Aspidistra

Botanical Name :Aspidistra elatior
Family: Convallariaceae/Ruscaceae
Genus : Aspidistra
Synonyms : Aspidistra lurida – Ker-Gawl.
Common Name :
Cast-iron Plant
Kingdom: Plantae
Order: Asparagales
Species: A. elatior

Habitat :Although sometimes thought to be of Chinese origin, the species is in fact native to islands in southern Japan including Kuroshima, Suwanosejima and the Uji Islands. It occurs in association with overstorey species such as Ardisia sieboldii and Castanopsis sieboldii  E. Asia – Japan – Kuroshima, Suwanose, and Uji Islands. An understory plant, found growing in forests beneath Ardisia crenata and Castanopsis sieboldii. Woodland Garden; Dappled Shade; Shady Edge; Ground Cover;

Description:
Aspidistra elatior  is a rhizomatous perennial. It is a stemless plant to 1 metre in height with dark green leaves. Small, solitary purplish flowers may appear at the base of the plant in spring.
It is hardy to zone 7. It is in leaf all year, in flower from January to April. The flowers are hermaphrodite (have both male and female organs) and are pollinated by Slugs, snails.

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Aspidistra elatior is a staple of the shade garden. It has wide, evergreen leaves that rise up from tough, rhizomatous roots. The lance shaped leaves are dark green and leathery, and around 12-20 in (30-50 cm) long. The aspect of cast-iron plant is decidedly vertical. Some types of aspidistra are variegated with creamy streaks or dots; some are shorter than the species. The plants spread in clumps, vigorously but at a moderate enough rate not to be invasive or even troublesome. The flowers are borne close to the ground and never even seen unless one deliberately searches for them.

The plant prefers light (sandy), medium (loamy) and heavy (clay) soils, requires well-drained soil and can grow in nutritionally poor soil. The plant prefers acid, neutral and basic (alkaline) soils. It can grow in full shade (deep woodland) or semi-shade (light woodland). It requires dry or moist soil and can tolerate drought.

Medicinal Uses
Febrifuge; Styptic; Tonic.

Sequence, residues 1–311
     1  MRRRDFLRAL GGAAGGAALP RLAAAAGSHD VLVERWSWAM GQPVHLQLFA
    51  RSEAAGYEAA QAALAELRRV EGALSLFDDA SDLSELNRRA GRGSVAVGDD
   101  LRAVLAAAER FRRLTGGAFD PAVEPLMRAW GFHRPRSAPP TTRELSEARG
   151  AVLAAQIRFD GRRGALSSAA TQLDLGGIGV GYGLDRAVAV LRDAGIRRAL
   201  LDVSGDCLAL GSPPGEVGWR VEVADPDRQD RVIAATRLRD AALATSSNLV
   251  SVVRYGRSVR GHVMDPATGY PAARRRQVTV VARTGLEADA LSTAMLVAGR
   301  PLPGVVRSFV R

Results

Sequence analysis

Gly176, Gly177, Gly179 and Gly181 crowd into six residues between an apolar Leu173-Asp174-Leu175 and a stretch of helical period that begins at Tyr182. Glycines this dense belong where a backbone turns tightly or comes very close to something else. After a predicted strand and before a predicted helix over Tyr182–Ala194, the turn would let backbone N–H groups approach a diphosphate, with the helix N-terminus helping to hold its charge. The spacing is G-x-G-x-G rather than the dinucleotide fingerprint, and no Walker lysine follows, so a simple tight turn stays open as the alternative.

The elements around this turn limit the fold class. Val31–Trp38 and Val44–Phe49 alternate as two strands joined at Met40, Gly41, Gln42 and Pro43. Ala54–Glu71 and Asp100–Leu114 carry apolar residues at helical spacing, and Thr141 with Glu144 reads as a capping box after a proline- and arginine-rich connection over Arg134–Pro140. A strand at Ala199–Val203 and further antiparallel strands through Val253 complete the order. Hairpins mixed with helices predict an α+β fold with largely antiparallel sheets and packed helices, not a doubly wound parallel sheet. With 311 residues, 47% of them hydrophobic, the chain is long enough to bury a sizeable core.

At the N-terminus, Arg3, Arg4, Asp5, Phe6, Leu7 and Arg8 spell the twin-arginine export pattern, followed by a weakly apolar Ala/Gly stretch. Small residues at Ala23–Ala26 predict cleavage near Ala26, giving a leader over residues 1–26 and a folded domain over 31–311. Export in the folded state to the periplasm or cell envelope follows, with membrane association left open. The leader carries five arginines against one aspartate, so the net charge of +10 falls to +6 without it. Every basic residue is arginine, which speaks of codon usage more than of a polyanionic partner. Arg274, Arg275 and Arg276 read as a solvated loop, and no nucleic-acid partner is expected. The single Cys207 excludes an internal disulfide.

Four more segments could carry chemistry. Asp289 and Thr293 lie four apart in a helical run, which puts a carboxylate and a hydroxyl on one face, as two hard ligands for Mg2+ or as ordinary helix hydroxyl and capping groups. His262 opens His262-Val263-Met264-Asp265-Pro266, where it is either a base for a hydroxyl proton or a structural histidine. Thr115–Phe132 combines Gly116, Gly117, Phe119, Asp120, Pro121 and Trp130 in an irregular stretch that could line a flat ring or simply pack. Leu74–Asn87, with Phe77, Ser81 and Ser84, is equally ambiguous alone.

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The roots, stems and leaves are febrifuge, styptic and tonic. Strengthens bones and muscles. A decoction of the root, stems or leaves is used in the treatment of abdominal cramps, amenorrhoea, diarrhoea, myalgia, traumatic injuries and urinary stones.

Other Uses:
Ground cover.
Aspidistras can be grown as a ground cover in a shady position.

Aspidistra is often grown in a container as a porch or patio plant, or as a house plant. In landscapes, it can be used as a border or be planted in a drift around trees, or to fill a planter under an overhang. In his North Florida garden, Steve has a stand of them growing in almost total shade at the base of a large live oak tree. Florists use the leaves in arrangements, where they lend drama and provide an excellent background for flowers. The leaves of cast-iron plant are especially long lasting in arrangements.

Cultivation :
Prefers a shady position in a rich well-drained soil. Tolerates poor soils and drought. Almost hardy in Britain[1], plants can withstand temperatures down to about -15°c if they are well sited. A plant growing under shrubs in Worcestershire has survived in the garden for over 30 years. This plant used to be commonly grown as a house plant, it tolerates considerable neglect.

Propagation:
Seed – sow spring in a greenhouse. When they are large enough to handle, prick the seedlings out into individual pots and grow them on for at least their first winter in the greenhouse. Plant them out in late spring or early summer after the last expected frosts. Division as the plant comes into growth in the spring. Suckers. Best removed in the autumn and grown on in the greenhouse for the first winter.

Disclaimer:The information presented herein is intended for educational purposes only. Individual results may vary, and before using any supplements, it is always advisable to consult with your own health care provider.


Resources:

http://www.pfaf.org/database/plants.php?Aspidistra+elatior
http://en.wikipedia.org/wiki/Aspidistra_elatior
http://www.floridata.com/ref/a/aspi_ela.cfm
http://www.plantoftheweek.org/week078.shtml
http://www.plantoftheweek.org/week078.shtml

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